The “latte factor” was a phrase first penned by David Bach in his book titled “Finish Rich”. He drew inspiration from how money spent on lattes can actually be hurtful to your finances in the long run. It’s apparent that lattes aren’t really a popular thing here as it is in the West; however, it’s all about the principle. The latte factor refers to expenditure that you incur subconsciously, subtly and often time that doesn’t necessarily enrich your life. This form of spending has a tendency of being addictive and routine. Any spending that’s aptly described as in my preceding two statements is your latte factor.
The Principle Explained
The “latte” aspect is more or less figurative. There are several things you spend money on that constitutes a “latte”, examples are driving as opposed to commuting to work, unnecessary monthly subscriptions or eating out. I’m basically talking about any tiny or subtle expenditure you do routinely or regularly. In David Bach’s illustration, he works with a base assumption that a latte costs $4 or $5. Let’s assume that lunch now costs RTGS$4 and you buy it every workday; that translates to RTGS$80 a month. Remember this is just one item, there are many other such expenses you incur without giving them due thought. This is what is referred to as the latte factor. Another way to look at it is that there might be certain things you buy regularly that go with other things on the side. Let me use that lunch example again; when you buy lunch you might consciously note the price of the actual meal but then be oblivious of the cost of the drink and water you might buy with it. Looking at that illustration you can see that there are many things you handle in that manner where you pass off certain seemingly small auxiliary expenses as negligible.
The principle is that you must note where you are falling prey to the latte factor and redefine your spending behaviour. Bach seems to suggest redirecting those expenses to investments. Some have taken a shot at his projections and base assumptions as too exaggerated. However, the principle is what matters since you can come up with your own projections and base assumptions. Broadly there are two options for redirecting the expenses i.e. saving and investing – or even both.
Why Is This Important?
Financial freedom or security is more than just about stockpiling money. It has more to do with disciplined expenditure; how you spend money is a huge component of how financially free or bound you to end up. There are many people I hear saying that after they get their paycheck or any income they have no clue why it vanishes so quickly. Chances are extremely high that the latte factor is playing tricks on you. The interesting about the latte factor is that the unit amount you usually get to spend seems small and negligible. Parting with that amount habitually and in most instances, daily then compounds it into a significant amount. Since this happens mainly subconsciously and with limited consideration you might never get to realize it’s the cause of your financial woes. People are generally given over to make conclusions that they are not making enough money when in some cases it can be due to unnecessary spending. So now that you know about the latte factor you can note the unnecessary expenses you have been making. This then better positions you to come up with ways of changing your spending habits. I’ll highlight some things to consider in addressing your latte factor shortly but first; let me point out something important.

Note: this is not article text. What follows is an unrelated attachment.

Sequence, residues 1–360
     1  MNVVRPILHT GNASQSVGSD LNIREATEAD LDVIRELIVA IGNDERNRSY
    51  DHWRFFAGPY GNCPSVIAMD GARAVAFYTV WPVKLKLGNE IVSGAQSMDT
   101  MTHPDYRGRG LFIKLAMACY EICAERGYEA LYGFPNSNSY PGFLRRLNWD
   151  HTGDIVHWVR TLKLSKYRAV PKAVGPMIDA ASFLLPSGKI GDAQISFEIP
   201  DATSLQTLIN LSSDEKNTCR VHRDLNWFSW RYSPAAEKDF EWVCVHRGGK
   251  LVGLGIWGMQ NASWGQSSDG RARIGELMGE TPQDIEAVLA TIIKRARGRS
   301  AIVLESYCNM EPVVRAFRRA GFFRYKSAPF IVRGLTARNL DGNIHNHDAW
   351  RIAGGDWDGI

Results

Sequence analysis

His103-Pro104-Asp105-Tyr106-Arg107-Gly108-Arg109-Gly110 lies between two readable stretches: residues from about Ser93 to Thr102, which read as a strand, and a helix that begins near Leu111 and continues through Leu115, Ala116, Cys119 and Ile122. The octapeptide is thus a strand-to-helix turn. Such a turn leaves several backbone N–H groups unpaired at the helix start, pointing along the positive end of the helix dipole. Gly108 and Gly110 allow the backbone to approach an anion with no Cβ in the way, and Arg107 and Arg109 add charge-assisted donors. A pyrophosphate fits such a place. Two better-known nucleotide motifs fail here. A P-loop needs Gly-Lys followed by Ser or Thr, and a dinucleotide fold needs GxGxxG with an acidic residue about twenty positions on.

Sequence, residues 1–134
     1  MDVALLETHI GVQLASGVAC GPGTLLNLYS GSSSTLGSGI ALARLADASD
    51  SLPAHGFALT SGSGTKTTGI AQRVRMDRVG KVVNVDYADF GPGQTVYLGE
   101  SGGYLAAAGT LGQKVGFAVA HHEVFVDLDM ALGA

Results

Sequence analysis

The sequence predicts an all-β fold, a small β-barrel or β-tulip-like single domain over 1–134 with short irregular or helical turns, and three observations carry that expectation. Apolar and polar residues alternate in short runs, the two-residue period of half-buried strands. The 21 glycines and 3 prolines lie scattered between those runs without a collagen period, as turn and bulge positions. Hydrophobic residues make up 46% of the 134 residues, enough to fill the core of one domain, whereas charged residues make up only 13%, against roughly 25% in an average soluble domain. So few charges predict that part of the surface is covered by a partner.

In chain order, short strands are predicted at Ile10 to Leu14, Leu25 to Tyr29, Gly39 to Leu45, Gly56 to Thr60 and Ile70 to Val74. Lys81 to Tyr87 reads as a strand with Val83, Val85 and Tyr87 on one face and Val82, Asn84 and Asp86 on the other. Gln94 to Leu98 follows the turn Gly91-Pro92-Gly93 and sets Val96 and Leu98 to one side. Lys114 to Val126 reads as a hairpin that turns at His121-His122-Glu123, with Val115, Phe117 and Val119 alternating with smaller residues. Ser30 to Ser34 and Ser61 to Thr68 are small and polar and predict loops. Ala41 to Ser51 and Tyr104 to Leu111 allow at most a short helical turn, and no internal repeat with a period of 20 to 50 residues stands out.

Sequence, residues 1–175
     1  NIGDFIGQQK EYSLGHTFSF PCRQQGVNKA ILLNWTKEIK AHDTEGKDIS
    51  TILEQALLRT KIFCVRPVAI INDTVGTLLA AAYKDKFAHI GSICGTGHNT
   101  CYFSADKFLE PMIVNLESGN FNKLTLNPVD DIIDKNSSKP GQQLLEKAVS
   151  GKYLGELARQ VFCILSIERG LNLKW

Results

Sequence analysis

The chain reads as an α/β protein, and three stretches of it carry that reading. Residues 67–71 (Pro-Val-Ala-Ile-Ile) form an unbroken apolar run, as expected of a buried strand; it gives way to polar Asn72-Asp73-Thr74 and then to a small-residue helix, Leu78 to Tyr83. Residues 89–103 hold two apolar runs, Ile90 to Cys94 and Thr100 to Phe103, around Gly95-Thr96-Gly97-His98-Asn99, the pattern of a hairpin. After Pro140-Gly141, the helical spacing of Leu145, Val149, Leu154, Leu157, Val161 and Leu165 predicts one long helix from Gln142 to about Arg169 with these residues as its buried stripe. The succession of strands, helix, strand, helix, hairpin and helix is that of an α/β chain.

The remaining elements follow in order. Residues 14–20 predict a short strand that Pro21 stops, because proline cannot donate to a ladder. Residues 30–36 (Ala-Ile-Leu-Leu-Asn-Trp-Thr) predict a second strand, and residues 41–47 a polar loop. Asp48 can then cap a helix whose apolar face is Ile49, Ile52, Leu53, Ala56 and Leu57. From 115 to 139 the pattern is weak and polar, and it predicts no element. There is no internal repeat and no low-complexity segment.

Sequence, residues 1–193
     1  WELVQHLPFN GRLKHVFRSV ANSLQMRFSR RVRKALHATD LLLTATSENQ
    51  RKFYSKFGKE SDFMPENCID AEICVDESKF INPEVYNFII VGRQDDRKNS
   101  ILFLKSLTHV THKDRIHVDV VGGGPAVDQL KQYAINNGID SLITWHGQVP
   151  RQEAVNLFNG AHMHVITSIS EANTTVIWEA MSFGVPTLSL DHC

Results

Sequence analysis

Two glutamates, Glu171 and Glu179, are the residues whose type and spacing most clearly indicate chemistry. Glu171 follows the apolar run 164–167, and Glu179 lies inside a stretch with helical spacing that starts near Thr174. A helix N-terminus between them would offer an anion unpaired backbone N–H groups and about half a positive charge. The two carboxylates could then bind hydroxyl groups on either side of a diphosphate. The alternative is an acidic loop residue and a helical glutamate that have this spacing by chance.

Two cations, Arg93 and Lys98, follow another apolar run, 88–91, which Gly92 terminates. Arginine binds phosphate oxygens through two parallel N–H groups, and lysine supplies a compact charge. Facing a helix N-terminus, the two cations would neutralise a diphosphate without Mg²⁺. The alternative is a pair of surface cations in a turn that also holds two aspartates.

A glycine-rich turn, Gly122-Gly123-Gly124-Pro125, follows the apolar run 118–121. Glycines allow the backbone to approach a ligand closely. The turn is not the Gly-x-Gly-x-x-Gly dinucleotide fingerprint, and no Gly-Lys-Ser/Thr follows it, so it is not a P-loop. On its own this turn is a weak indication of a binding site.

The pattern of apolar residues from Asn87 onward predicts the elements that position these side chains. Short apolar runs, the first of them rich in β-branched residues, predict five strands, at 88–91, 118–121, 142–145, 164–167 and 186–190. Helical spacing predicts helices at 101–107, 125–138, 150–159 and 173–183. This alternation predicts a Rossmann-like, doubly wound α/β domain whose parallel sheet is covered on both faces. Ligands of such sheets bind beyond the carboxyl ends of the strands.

Personal Finances Are Personal
A lot of the money people splash on “the latte factor” is usually driven by the quest to please people or to be viewed a certain way in society. You’ll be amazed at how bringing home-cooked lunch at work, as an example, can be taken as primitive in most workplaces. The result is that some people end up pressured to live a certain way due to societal definitions of rich life. This is worsened by the point I mentioned earlier about the unit amount seeming small. Your spending habits mustn’t be defined by society – your personal finances are personal! Now let’s talk about how to address your latte factor.
Diligently Track Your Expenditure
I’ve detailed this subject before in one of my previous articles. If this wasn’t an issue you took seriously before then I’m sure I’m now preaching to the choir. Now more than ever before, due to the economic downturn, you can’t afford to ignore budgeting and tracking expenses. Make an honest and diligent assessment of your finances by adhering to budgets and decimating any expenses constituting a latte factor. Instead of just assuming that some money you’re spending is negligible you must actually empirically calculate. I’ll remind you again that “the latte factor” spending seems small by unit but the compound sum is significant. You can only notice this if you are brutally honest about your budgeting and tracking your expenses. By the way, don’t forget that you’re bent on breaking destructive spending habits by redirecting expenses formerly channelled towards your latte factor to savings or investments.
Let me round up by sharing a real-life example of 5 individuals who came up with a brilliant way to beat the latte factor in one area of their lives. These individuals are workmates at a certain office in Masvingo. They all have cars and realized that individually it was costly to drive to work every day. They sat down and agreed to all contribute to fuel one car each week to pick up and drive them all to work on a rotational basis. I was amazed to learn that their individual weekly fuel contribution was equivalent to slightly more than 2 kombi rides. So it’s very possible to come up with witty ways to beat the latte factor.